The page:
Throwing big parties is a very tiring business, so I think I’ll just reprint the Guardian article I wrote 10 days ago….yes, I know it’s journalistic recycling at it’s worst, but I am desperately trying to finish a draft of the new book before my editor goes into labour. Which, judging on the size of the baby last week, looks imminent. And she’s already told me she’s not going to use fifteen hours of labour as an excuse to catch up on her reading.
Some people are so unprofessional.
In any case, it was a wonderful party thanks to Scholastic, OUP and David Fickling, the indomitable Corinne Gotch, and all the glitterati who came out in the rain. I think even Kathy Peyton had a good time (she wasn’t expecting to — a woman after my own heart). There were too many illustrious publishers, journalists and writers in attendance to mention — let’s just say if a bomb had fallen on my kitchen, London would now be a cultural wasteland.
Herewith. (While you read, I hope you’ll excuse me. I’m going back to work):
Despite being American, I felt foreign in New York City in 1980. I had just moved back from London and my sentimental lifeline was a Sunday morning marathon of British TV. That’s where I encountered Flambards, with its perfect evocation of a lost world. I loved William and his flying machines, Mark and his horses, the crumbling country house and crumbling aristocracy, the beauty and violence of the hunt, that haunting moment just before the outbreak of the first world war.
Thence, to the wonderful Flambards books, and KM Peyton’s intelligent, clear-eyed prose. But it was 30 years later in England that a bookseller put me on to her other books – Fly-By-Night, The Team, the Pennington series … some pony books, some not, but all informed by the same wit, insight and sharp, discerning eye for horses, people and country life.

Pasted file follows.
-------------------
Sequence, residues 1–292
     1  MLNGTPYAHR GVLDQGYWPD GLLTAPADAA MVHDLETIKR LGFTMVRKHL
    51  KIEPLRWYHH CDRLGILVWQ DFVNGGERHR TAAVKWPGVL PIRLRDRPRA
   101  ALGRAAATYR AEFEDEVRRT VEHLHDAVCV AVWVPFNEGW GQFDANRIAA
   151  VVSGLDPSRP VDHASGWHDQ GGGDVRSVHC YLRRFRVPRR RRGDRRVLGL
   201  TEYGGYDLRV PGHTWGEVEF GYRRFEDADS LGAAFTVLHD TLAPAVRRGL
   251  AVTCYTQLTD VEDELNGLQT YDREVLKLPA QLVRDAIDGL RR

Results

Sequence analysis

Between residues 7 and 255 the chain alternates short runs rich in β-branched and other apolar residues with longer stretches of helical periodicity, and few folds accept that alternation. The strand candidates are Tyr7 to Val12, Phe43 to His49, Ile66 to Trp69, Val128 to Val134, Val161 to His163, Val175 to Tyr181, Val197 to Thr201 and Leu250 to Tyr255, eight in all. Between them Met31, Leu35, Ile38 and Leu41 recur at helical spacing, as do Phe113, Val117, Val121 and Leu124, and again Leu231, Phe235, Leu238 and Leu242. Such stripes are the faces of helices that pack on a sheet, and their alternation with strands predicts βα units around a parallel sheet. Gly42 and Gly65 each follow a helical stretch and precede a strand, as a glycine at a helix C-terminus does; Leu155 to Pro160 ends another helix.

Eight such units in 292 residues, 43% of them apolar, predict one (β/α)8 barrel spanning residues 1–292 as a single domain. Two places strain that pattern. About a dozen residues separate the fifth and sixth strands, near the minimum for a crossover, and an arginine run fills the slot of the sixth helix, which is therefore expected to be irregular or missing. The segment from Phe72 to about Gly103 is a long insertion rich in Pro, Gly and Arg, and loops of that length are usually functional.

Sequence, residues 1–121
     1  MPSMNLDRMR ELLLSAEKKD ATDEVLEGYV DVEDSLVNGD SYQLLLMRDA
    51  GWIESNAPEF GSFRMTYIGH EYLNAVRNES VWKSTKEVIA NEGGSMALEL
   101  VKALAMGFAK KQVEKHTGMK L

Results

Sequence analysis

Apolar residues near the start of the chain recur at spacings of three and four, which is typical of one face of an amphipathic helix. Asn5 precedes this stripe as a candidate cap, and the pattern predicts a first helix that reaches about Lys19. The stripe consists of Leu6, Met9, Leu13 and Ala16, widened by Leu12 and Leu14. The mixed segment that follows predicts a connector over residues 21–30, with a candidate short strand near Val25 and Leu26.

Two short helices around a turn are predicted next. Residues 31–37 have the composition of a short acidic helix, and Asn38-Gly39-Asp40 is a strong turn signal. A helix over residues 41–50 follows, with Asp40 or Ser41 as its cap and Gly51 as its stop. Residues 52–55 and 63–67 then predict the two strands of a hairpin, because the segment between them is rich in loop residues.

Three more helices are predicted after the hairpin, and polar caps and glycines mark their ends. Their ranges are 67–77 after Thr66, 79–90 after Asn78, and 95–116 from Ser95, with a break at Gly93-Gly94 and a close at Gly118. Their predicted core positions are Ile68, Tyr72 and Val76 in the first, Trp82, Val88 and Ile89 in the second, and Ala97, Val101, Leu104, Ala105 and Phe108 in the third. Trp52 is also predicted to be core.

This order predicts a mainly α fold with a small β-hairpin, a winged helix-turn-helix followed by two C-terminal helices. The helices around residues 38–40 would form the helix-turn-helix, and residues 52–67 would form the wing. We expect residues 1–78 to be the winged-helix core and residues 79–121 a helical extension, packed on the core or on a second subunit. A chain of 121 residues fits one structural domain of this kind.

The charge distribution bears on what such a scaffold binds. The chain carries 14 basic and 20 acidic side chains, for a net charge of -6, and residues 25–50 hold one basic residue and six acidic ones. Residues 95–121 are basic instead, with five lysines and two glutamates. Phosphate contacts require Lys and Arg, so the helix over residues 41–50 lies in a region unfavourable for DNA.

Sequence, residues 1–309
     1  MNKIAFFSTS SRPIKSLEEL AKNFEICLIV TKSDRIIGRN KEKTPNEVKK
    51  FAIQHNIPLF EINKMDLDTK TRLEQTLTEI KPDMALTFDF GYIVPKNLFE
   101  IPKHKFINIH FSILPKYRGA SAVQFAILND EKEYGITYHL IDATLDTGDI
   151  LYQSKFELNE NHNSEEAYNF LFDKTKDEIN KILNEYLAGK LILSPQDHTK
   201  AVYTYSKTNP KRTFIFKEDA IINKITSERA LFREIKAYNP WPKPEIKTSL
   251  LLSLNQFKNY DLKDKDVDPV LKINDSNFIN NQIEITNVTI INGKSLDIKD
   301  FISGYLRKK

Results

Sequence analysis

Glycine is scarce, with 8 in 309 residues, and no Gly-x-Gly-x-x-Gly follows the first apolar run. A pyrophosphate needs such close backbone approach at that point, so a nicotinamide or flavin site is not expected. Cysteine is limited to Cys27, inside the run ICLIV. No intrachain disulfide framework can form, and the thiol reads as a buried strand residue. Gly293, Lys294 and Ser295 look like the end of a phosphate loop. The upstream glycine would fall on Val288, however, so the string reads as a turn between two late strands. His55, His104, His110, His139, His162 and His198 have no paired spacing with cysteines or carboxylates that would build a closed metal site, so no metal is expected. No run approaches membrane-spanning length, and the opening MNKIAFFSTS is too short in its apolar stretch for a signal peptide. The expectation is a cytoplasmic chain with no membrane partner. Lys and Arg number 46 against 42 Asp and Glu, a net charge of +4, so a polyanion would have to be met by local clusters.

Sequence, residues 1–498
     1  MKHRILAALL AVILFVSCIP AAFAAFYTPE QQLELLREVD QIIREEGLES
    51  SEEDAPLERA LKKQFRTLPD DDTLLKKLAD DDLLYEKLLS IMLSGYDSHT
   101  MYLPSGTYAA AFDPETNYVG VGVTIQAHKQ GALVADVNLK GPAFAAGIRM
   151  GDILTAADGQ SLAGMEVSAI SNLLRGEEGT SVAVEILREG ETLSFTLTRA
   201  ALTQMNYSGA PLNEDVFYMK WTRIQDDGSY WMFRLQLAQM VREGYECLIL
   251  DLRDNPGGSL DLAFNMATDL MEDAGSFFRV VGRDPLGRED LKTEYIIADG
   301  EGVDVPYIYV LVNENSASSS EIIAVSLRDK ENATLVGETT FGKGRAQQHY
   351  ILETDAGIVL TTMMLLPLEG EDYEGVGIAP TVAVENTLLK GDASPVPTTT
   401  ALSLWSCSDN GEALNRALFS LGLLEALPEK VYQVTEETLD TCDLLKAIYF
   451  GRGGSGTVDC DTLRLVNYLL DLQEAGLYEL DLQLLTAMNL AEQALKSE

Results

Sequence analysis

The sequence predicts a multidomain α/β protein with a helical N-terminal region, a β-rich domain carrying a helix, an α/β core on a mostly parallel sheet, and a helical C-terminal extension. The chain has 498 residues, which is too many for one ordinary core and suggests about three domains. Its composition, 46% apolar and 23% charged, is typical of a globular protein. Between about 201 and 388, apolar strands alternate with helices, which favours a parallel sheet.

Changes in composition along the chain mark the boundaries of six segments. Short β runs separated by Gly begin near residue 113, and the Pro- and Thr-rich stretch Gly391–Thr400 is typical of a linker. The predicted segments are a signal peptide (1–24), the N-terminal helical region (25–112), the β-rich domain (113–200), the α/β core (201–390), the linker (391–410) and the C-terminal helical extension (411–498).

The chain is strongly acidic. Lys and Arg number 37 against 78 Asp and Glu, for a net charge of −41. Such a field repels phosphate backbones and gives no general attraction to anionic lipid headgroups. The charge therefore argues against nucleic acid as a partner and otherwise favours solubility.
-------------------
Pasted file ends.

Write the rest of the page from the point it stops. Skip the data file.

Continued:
When we met, she was nothing like the doddery grande dame I expected. At 81, she had just given up hunting following the death of her beloved mare. “Effie would jump anything,” she told me, and it struck me that the same was true of her rider. With her husband, Mike, Kathleen sailed, climbed mountains and lived the life of a true adventure heroine. Many of the details I most loved in her books she swears are true – pony club competitors being dosed with whisky, the mother of a girl paralysed in a fall racing back from hospital to finish off her jump judge duties.
Peyton wrote her first novel aged nine; she has recently finished what she says is her last. Her fans are legion, but I believe it takes a writer to fully appreciate the magnitude of her achievement – 65 novels, a collection of major awards, a lifetime of dedication to writing. It is the consistency and clarity of her voice that I love, her witty, unsentimental and affectionate manner of describing the world. She has written many of the books I would like to have written myself, but I am consoled by the knowledge that I could not have done it half so well.
P.S. Though Kathy says she has written her last book, it hasn’t yet been published so fans have one more treat in store. And I *smug* have it on my computer.
P.P.S. More and better rundown of the party, here.